Heroism in the Odyssey I am writing a lengthy essay over heroism in the Odyssey and how it applies to Odysseus. So my questions are what is the Greek definition of Heroism/a hero, what is heroism...
Heroism in the Odyssey
I am writing a lengthy essay over heroism in the Odyssey and how it applies to Odysseus. So my questions are what is the Greek definition of Heroism/a hero, what is heroism in the greek culture, what heroism is in the Odyssey, how does heroism apply to Odysseus, and this all basically funnels into the main point of how exactly did Odysseus' intellectual growth from hero to intellectual hero come about and how and why his growth is important?
In The Odyssey, Homer often tells of his role in the epic:
"The Muse inspired the bard to sing the famous deeds of fighting heroes."
The context is clear: the tale is divinely inspired by the gods for Homer, the poet-bard, to recite as entertainment for the host and guests. Tales of heroes is the highest form of recitation, a form of religion.
Heroism is a function of the guest-host relationship that the Greeks held so sacred. Even Odysseus plays the role of the poet-bard in the frame tell as he retells of his journeys to King Alcinous and the Phaeacians. Once Alcinous learns that Odysseus has been to Hades, the kings wants to hear of other hero's deaths from the Land of the Dead. So, heroism is passed on through stories from a poet to a host to honor the deeds of dead or lost heroes and a way to preserve their memory in the form of poetry. The hero must be remembered with gifts and tales:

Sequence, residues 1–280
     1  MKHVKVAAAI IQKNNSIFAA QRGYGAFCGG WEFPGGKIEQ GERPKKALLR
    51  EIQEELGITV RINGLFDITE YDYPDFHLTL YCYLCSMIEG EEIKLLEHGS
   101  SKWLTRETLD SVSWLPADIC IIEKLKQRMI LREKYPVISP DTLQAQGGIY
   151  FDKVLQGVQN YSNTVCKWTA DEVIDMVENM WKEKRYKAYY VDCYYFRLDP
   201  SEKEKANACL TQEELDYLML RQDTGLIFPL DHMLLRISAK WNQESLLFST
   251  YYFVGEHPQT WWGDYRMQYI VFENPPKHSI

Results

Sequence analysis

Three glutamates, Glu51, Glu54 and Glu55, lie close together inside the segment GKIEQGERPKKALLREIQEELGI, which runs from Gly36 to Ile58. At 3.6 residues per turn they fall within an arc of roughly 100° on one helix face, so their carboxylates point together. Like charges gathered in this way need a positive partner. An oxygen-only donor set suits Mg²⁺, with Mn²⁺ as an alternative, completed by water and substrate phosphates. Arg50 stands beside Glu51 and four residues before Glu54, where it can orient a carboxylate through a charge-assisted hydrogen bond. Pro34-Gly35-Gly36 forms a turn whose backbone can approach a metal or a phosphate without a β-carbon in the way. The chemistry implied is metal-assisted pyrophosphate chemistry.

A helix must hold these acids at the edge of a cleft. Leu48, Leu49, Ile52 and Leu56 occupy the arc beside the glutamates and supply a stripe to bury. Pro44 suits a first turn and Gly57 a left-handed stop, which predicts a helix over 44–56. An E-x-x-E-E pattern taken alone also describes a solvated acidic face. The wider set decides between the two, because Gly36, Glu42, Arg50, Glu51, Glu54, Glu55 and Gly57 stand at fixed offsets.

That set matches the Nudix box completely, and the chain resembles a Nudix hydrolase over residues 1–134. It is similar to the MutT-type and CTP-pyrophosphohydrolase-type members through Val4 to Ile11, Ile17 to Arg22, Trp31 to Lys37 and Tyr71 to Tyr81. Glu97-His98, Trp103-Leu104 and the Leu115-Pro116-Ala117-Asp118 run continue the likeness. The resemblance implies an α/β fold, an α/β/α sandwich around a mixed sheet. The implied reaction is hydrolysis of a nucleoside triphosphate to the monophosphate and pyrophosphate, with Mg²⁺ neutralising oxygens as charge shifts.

"That's the man a guest will remember all his days."
"...a hero's welcome...[we will] treat him in style..."
"...lavish host who showers him with kindness...he loads our chariot down with gifts."
Remember, The Odyssey is a companion piece to The Illiad, the story of a horrific ten-year war. The Odyssey is about homecoming. Its function is to honor the heroes of The Iliad. All the kings, Menelaus and Alcinous namely, want to hear stories of lost heroes as they host Telemachus and Odysseus, respectively. The chief hero that they mention, of course, is Odysseus. He is the greatest of heroes because his cunning lead to the Greeks winning the war in Troy. In fact, Homer uses the word "hero" as an epithet for Odysseus. He is only one hero left to return, so everyone would have taken the general term "hero" to, of course, refer to Odysseus. Pisistratus says of Telemachus:
“son of Atreus, King Menelaus, captain of armies: here is the son of that great hero, as you say. But the man is modest, he would be ashamed to make a show of himself, his first time here, and interrupt you. We delight in your voice as if some god were speaking!"
Notice that Telemachus does none of the talking to the king. He is a guest and not a hero. By contrast, Odysseus, in Phaeacia, does all of the talking, because he is both hero and guest, and, therefore, bard. So, heroism is forged by battle in war and, after, by tales of such.
To prove that Odysseus is a legitimate hero, they test his feats of strength with games:
"...games for heroes...to honor the death of kings."
"...no hero's swords..."
Odysseus must mimic his feats in battle by throwing the spear for them. When Odysseus returns to Ithaca, he proves his heroism to the suitors by stringing the bow and shooting the arrow through the battle axes. And then, he proves his heroism to his son, by killing them in a river of blood. You see, the Greeks believed in the concept of "arete," or "excellence in all things." Odysseus' heroism is not only proven on the battlefield, but for guests as entertainment. In these three ways, in war, in contest, and through words, is Odysseus the definition of the classical Greek hero. The forgotten hero is the bard, the one who sings the hero's praises.